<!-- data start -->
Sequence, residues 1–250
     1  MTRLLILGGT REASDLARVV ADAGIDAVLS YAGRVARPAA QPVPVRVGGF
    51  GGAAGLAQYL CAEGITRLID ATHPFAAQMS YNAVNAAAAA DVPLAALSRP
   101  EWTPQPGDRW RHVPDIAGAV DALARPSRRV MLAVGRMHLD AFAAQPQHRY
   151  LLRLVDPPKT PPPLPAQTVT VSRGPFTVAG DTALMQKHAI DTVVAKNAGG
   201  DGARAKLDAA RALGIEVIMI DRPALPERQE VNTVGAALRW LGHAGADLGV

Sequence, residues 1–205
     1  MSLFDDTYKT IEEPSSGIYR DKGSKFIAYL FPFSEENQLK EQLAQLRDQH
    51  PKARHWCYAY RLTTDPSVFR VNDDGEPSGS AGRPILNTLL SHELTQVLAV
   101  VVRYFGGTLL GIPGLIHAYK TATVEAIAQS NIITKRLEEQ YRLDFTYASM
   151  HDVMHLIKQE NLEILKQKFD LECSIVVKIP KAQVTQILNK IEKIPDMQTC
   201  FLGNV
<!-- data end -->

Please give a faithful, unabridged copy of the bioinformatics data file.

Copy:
Sequence, residues 1–250
     1  MTRLLILGGT REASDLARVV ADAGIDAVLS YAGRVARPAA QPVPVRVGGF
    51  GGAAGLAQYL CAEGITRLID ATHPFAAQMS YNAVNAAAAA DVPLAALSRP
   101  EWTPQPGDRW RHVPDIAGAV DALARPSRRV MLAVGRMHLD AFAAQPQHRY
   151  LLRLVDPPKT PPPLPAQTVT VSRGPFTVAG DTALMQKHAI DTVVAKNAGG
   201  DGARAKLDAA RALGIEVIMI DRPALPERQE VNTVGAALRW LGHAGADLGV

Sequence, residues 1–205
     1  MSLFDDTYKT IEEPSSGIYR DKGSKFIAYL FPFSEENQLK EQLAQLRDQH
    51  PKARHWCYAY RLTTDPSVFR VNDDGEPSGS AGRPILNTLL SHELTQVLAV
   101  VVRYFGGTLL GIPGLIHAYK TATVEAIAQS NIITKRLEEQ YRLDFTYASM
   151  HDVMHLIKQE NLEILKQKFD LECSIVVKIP KAQVTQILNK IEKIPDMQTC
   201  FLGNV